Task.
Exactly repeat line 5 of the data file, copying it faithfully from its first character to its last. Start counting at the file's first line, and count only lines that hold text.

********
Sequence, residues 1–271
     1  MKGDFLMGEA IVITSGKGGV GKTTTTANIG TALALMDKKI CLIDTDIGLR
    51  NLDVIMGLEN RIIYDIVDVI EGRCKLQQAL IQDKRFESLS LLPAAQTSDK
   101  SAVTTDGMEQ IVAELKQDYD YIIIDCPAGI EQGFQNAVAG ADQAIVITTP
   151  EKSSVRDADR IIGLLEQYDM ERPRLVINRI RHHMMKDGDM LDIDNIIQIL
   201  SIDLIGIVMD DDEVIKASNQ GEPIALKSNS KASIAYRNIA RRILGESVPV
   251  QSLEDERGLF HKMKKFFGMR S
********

   151  EKSSVRDADR IIGLLEQYDM ERPRLVINRI RHHMMKDGDM LDIDNIIQIL